Since its establishment in 1964 as a cooperative society to house defence staff and their families, the posh Sainik Farm in the Capital has long been in news for its unauthorised structures. A man, however, is changing the talking point about the colony by gradually turning it into an eco-friendly, self-sustaining society.
Ramesh Dugar, 53, convener of the Residents Welfare Society, who moved to the area in 1994, has since been collecting funds from residents to save the thick green cover in the locality, which is flanked by protected forests, including the Tilpath Valley. The businessman who studied chartered accountancy even set up the Area Development Committee to undertake these green initiatives.
As part of Dugar’s initiative, residents of a colony with over 2,200 houses have had 74 km of road paved with grass-pavers. These bricks allow seepage of rainwater, preventing the soil from getting dry. They are also in the process of installing solar panels on every rooftop and are all set to develop their own eco-sewage system.
As per the plan, sewage from the colony will be diverted into a drain in the vicinity. This water will then be treated with microbes, and the treated water will be used to support the area’s green cover. The RWA has tied up with the government for the project.
“We are a bunch of nature lovers living here. The sewage plan aims to scientifically deal with the human excreta and treat the waste water for reuse. We will connect all houses in the area to a main sewage line and install a decentralised water treatment system. The waste water will be biologically treated using the Eco Bio Block technology. The technology is being successfully used in other parts of the globe, including Japan and Canada,” Dugar said.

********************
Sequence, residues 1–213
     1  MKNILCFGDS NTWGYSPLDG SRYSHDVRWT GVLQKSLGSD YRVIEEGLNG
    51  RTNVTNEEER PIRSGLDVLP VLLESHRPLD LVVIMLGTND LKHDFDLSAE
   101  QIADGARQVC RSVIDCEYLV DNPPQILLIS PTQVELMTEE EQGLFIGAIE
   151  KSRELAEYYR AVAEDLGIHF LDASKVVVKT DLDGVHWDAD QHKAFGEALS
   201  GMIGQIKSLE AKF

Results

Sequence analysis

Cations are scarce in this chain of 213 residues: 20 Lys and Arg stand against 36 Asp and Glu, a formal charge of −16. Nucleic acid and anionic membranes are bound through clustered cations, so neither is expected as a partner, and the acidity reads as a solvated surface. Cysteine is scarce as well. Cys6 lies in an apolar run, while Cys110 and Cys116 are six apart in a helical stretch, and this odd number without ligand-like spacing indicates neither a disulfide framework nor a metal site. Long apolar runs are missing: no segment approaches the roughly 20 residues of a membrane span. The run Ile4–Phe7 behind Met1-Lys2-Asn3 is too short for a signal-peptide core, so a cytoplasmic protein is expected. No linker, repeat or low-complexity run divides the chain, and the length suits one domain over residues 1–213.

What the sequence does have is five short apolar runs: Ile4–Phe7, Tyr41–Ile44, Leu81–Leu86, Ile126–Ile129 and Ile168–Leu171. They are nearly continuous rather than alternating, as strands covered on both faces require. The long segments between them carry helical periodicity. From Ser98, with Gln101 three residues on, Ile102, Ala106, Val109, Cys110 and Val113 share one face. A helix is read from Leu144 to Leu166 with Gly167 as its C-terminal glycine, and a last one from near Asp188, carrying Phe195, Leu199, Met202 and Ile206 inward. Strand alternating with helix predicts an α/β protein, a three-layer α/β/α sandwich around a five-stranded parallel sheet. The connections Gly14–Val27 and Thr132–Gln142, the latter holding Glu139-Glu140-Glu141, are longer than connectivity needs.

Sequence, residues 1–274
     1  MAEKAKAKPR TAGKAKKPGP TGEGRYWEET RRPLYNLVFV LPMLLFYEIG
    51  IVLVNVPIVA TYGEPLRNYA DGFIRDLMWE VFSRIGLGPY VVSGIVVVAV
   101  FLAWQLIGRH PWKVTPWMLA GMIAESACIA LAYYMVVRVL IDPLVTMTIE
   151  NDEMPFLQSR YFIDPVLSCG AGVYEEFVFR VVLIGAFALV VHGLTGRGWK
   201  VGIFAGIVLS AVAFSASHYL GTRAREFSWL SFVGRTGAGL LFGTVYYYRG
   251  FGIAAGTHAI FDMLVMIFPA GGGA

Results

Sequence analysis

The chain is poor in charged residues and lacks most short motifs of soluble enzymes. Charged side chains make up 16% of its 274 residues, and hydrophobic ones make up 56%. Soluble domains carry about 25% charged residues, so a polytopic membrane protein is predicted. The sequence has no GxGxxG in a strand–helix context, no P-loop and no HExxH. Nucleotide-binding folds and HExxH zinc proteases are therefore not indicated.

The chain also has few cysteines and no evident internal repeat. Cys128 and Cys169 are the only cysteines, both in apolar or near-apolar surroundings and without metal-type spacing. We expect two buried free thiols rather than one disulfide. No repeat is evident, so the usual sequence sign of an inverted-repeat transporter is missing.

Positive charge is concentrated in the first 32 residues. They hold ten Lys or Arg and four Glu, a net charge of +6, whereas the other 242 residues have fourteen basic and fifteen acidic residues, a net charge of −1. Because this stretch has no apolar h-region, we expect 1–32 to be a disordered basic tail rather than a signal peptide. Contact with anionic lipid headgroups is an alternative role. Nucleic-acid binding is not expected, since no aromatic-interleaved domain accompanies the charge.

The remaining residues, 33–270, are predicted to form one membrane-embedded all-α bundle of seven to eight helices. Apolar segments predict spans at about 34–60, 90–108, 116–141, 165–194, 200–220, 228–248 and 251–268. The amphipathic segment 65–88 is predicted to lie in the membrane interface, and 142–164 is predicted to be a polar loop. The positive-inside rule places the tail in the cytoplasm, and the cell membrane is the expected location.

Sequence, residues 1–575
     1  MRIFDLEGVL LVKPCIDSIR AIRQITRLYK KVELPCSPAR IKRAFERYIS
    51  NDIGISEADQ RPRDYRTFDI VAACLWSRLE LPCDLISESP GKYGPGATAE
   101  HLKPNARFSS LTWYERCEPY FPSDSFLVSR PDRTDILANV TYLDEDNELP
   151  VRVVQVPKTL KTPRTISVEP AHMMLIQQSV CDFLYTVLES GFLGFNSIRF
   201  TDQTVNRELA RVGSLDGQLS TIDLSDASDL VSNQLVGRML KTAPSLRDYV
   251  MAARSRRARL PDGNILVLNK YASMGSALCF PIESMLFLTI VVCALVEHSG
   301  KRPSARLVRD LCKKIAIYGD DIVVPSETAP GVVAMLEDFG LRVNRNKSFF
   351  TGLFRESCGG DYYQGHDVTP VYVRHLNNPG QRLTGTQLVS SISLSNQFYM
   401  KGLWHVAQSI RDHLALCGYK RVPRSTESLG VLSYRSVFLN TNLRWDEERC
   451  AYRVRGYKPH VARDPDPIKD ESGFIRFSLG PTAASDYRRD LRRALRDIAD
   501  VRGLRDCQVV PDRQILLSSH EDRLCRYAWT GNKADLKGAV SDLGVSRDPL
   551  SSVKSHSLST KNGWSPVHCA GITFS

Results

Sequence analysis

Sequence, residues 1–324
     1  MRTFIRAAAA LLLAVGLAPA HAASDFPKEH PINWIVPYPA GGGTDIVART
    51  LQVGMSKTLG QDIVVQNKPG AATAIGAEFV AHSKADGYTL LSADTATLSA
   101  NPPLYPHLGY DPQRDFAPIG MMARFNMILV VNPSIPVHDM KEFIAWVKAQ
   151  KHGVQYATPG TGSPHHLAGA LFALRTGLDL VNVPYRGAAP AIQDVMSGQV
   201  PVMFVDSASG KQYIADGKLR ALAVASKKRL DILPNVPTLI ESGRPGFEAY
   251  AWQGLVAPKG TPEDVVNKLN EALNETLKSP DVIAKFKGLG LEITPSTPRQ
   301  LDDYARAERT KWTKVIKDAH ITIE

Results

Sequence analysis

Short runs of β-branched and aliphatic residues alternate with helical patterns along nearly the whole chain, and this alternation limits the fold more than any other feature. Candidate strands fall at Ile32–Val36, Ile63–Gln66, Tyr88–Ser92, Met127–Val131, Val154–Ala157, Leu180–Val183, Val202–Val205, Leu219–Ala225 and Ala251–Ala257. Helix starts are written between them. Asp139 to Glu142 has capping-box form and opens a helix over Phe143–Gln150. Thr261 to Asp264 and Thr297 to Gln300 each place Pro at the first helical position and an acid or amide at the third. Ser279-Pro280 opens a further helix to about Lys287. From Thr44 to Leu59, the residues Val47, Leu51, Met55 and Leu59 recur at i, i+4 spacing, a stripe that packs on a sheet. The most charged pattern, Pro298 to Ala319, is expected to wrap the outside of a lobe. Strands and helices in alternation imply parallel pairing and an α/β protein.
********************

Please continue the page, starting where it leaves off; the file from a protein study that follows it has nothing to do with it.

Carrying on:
The technology is effective in cleaning polluted water, including sewage and industrial waste. The treated water is safe enough to be let out in any major water system for horticultural or agricultural use. The Delhi Jal Board (DJB) and the Ministry of Urban Development have already approved the proposal but Deputy Chief Minister Manish Sisodia’s nod is pending.
“All the initiatives being taken have been funded by residents. Initially, they were reluctant to contribute, but when they saw things actually taking shape and benefiting them, they came forward for all the projects,” Dugar said.
The RWA has also set up 67 rain water harvesting pits in the area, aimed at saving every drop of water and recharge the ground water table.
“The water table in the area has risen considerably over the last two years. We save and utilise rain water to recharge ground water. The government had set up 15 borewells in the area, all of which draw enough water now,” he said.